Hebrew calligraphy

Before you put pen to paper take a good look at examples of the Herew alphabet. Notice how the letters are shaped, the directions of the strokes, the proportion, form, and structure of each letter. Study the letters as they relate to each other. Get a good picture of how the Hebrew alphabet looks on paper. This will help you when you try to put it on paper.   Sit comfortably in a good position at your writing surface. You might want to use a paper guard to prevent the smearing of previously written letters.   Now, hold the pen firmly and comfortably in your hand. Dip the pen in the ink and wipe off the excess. (If it is a new point, first wipe it with water before dlipping it in ink; this helps wash off the oily film on the point.) Take a deep breath and get ready to write.
For most alphabets, it is suggested that you hold the pen at approximately a 45-degree angle to the surface of the paper. Try to find a comfortable angle for yourself, but you will find that a 45 degree angle has advantages to it.


Breathing is important. Good breathing adds rhythm to your writing and helps keep your strokes steady and even. Inhale before starting a stroke; hold your breath while writing; exhale when finished with the stroke.
Try some practice strokes. If your pen doesn't write at first, try moving the point sideways to draw ink from the pen. Hold the point so that the entire edge of the point is in contact with the surface of the paper. This ensures even strokes. Get the feel of your pen. Let it become an extension of your hand and fingers, of your mind. Keep writing until you feel the pen become alive. Try straight and curved strokes.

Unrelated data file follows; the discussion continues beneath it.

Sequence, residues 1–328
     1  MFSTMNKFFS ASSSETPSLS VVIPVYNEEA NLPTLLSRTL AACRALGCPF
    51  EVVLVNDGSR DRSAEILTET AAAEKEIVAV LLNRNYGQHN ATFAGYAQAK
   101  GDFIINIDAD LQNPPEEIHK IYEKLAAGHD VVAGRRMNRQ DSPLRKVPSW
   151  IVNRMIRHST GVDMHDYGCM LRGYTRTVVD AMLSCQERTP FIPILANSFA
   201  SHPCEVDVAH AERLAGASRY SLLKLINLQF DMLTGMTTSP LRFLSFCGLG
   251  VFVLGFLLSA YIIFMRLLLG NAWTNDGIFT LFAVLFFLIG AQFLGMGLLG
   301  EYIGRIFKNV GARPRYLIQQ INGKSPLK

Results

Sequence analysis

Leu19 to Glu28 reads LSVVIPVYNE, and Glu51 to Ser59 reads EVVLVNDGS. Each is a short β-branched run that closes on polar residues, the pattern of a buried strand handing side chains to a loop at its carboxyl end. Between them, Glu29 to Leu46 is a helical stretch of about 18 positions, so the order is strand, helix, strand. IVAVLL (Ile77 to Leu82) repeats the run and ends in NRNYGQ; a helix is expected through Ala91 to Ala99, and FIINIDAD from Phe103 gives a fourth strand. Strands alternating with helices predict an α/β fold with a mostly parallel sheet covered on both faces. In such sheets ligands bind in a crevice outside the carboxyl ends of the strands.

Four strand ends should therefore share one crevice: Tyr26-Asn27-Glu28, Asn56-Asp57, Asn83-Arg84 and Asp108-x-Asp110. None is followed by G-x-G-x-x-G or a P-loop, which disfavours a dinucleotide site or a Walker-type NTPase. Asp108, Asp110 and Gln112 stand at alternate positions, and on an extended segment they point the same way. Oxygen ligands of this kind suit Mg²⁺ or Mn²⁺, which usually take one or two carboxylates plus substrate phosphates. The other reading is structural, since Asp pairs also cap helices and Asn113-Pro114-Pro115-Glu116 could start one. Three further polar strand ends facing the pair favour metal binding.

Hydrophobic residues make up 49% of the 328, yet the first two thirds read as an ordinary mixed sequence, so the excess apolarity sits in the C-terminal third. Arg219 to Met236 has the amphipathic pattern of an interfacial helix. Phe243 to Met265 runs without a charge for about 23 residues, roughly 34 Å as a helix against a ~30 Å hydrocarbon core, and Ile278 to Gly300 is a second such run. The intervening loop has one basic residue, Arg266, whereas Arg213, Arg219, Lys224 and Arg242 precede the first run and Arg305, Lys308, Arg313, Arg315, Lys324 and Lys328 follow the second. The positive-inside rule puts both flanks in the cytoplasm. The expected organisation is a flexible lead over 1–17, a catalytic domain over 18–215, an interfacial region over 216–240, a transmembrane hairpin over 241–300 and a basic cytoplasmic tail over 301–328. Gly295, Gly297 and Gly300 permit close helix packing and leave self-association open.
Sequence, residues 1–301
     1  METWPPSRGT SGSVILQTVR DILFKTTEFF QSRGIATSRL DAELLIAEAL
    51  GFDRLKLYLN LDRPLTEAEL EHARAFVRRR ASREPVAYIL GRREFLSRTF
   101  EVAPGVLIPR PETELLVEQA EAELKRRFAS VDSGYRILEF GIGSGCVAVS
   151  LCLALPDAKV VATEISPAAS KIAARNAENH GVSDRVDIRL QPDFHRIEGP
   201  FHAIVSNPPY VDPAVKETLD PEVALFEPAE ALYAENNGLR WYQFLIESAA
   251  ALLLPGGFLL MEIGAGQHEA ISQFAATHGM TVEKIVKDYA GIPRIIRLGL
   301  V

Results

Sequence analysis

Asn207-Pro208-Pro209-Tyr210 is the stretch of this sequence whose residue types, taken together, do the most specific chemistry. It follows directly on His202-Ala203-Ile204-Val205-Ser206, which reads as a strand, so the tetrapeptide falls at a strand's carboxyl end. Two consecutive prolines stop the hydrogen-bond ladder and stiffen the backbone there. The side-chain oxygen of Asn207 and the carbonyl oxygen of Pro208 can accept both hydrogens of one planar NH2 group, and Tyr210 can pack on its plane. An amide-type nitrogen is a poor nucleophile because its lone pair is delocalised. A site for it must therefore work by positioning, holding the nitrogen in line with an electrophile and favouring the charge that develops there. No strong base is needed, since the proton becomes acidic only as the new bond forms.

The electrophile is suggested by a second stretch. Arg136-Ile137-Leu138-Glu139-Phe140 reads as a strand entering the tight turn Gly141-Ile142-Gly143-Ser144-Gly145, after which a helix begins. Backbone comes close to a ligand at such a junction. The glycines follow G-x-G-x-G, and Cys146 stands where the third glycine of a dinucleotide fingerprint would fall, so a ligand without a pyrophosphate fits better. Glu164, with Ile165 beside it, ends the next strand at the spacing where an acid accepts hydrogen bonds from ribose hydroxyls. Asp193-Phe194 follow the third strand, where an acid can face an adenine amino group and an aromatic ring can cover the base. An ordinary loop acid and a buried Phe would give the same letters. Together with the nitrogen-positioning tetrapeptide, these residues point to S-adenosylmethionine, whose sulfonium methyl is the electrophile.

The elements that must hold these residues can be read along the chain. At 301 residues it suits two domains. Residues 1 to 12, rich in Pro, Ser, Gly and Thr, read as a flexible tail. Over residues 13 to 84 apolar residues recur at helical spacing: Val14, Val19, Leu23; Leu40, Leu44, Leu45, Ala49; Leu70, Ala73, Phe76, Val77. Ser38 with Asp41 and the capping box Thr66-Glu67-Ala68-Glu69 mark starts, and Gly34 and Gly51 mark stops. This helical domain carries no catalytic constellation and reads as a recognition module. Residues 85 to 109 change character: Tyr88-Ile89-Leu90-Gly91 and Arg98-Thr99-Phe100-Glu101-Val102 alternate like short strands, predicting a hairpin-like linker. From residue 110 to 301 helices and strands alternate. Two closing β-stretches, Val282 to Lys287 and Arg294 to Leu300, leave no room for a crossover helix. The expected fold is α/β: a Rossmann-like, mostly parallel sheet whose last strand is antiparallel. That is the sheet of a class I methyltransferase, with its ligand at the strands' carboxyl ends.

There are many different styles of Hebrew alphabets. But most of them have several basic strokes in common. Mastery of these basic strokes means mastery of the alphabet. A good alphabet to begin with, one that is both simple and beautiful and has easy basic strokes, is shown below. 
If you look at the above alphabet carefully, you will notice a few interesting things. The Hebrew letter is basically divided into three parts: top, middle, and bottom. This tends to give proportion and emphasis to the various different strokes. Note the emphasis on horizontal and vertical strokes. 
Note that Hebrew is a "top-heavy alphabet"; most letters have long horizontal strokes on top. Also notice the variety of forms possible for each letter and that each form of letters is still consistent with the style of the alphabet. (Of course, that's a matter of taste.) Some more important things to notice are the proportions and shapes of the letters. Each letter is written holding the pen at the same angle to the line of writing-45 degrees (see diagram). And each letter is also three nib units high. (To obtain this height, hold the pen at 90 degrees to the line of writing and draw three widths of the pen, as shown in the diagram. This is the only time the pen is held at 90 degrees for this alphabet; its normal angle is 45 degrees.)

Sometimes 3½ or 4 nib units of height are used, depending on the style desired.
Another thing to notice is the similarities and differences between the following groups of letters.

Grouping the letters in this way serves to highlight the basic strokes of the alphabet. Practice the following basic strokes. Try them on ruled paper (graph paper, if possible, Berol make a pack of two Italic fibre tip pens which are a good starting point or you can make a quill pen). The line of writing should be 3 nib units high; the pen should be held at a 45-degree angle to the line of writing. To a certain extent this selection of strokes is arbitrary, but it does contain all the strokes necessary to write the previous alphabet. What is important in writing Hebrew is consistency of form, and this is gained through practice. Here are most of the letters grouped by their basic strokes (or by combinations of these basic strokes).

Animations of letter constructions

In the writing of Hebrew letters, width must he considered. Below are the letters of the practice alphabet grouped by width.
These width groupings are approximate and done to show comparisons; occasionally one letter may not be written the width I suggest. One important fact to note concerning letter width- and this also relates to spacing-is that certain letters in Hebrew may be elongated.
These letters are 
and occasionally